I’ve been reading through a number of books this year, the most recent of which has been Simple Church. It recently pointed out that when Jesus was here, he spent all his time with a small group. His small group was 12 people. There’s something to be learned from the number 12, as it’s a size where people can be intimate with each other. As group sizes grow, it’s a lot harder to share the important things that need to get out. When our groups are approaching the size of 20 we need to take a hard look at multiplying. But now I’m digressing, and a key point the book made was that Jesus didn’t have a Plan B.

Ponder on that. No Plan B.

Jesus put everything into the disciples, and it was up to them to carry forth the mission. He died on the cross for us, and those disciples traveled the globe to share His sacrifice. They planted churches. They made more disciples. There is power in small groups.

So what is your next step? Are you being called to join a group? To multiply your group? To join a church plant? To start a church plant? Maybe God wants you to move to a neighborhood where you’ll have more impact. Or maybe He wants you to move to a new city? You could become a pastor. You could start volunteering at your church (looks are deceiving, a church ministry with enough volunteers is a rare thing). You could volunteer as a group somewhere in town, and be relied on to be there regularly. You could stop doing the weekly Bible study that has mostly the same 30 people from the last 10 years and make a friend who doesn’t go to church. All the Bible knowledge in the world is useless if we never do anything with it.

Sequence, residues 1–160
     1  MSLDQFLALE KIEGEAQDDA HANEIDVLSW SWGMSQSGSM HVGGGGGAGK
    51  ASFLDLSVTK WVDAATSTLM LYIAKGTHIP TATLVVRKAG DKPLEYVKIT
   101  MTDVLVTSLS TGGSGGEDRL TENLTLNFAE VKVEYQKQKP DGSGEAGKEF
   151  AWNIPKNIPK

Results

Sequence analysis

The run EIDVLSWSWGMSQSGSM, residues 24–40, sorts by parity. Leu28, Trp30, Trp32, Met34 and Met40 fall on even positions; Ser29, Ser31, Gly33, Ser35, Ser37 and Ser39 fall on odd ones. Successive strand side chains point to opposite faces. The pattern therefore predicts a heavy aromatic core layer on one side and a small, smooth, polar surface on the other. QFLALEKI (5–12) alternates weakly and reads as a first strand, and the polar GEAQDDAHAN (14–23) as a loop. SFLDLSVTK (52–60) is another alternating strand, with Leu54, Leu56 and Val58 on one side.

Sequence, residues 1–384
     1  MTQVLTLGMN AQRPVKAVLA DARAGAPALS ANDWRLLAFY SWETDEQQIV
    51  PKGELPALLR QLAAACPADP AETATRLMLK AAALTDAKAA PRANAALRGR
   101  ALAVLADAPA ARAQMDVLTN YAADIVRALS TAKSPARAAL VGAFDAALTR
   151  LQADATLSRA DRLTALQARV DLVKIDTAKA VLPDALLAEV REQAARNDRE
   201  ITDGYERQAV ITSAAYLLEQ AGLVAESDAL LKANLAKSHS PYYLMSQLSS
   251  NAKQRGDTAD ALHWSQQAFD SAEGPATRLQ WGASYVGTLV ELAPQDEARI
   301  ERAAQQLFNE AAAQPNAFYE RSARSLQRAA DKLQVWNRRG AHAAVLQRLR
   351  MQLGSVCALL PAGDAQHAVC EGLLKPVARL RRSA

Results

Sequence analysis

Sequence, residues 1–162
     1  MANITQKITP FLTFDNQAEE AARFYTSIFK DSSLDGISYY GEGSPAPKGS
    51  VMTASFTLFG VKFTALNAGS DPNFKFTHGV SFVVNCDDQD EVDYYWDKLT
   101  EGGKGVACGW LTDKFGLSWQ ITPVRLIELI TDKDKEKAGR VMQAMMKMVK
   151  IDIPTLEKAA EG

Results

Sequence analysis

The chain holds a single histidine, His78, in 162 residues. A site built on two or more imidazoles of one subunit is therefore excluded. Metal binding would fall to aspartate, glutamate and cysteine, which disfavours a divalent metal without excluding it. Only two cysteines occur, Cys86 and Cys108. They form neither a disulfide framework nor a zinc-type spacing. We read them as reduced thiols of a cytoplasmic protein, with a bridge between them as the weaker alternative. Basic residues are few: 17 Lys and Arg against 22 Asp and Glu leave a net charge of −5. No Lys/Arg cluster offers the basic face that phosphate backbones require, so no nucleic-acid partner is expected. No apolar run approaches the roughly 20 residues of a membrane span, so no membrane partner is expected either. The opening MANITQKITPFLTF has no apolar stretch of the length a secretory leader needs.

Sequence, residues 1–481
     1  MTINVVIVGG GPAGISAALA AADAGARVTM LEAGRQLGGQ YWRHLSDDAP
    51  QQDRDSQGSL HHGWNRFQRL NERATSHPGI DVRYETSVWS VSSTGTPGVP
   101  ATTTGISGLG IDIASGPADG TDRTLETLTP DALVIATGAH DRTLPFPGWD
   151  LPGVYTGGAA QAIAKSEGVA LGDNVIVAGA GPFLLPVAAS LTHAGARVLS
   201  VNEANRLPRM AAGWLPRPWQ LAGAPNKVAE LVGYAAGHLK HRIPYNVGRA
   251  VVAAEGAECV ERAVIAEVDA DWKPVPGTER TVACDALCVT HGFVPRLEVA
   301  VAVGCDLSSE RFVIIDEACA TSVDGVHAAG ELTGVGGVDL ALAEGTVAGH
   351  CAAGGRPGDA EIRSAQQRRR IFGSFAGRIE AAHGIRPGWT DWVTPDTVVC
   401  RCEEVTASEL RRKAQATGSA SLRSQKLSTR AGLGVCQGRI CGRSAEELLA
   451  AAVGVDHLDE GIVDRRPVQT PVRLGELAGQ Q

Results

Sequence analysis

Regardless of where you are, big town or small, a church of 1000 people or a church of 40, there is opportunity for you to live on mission. There’s a lot of need in the world if we stop long enough to look for it. If we quiet ourselves long enough to hear God speak. Sometimes He tells us to take a very small step, and sometimes He tells us to do something terrifying.

Pray about where you’re at in life. Listen for God’s guidance. If it isn’t uncomfortable, it probably isn’t what God wants for you. Outsized impacts come from our discomfort.

Love Jesus. Live Sent.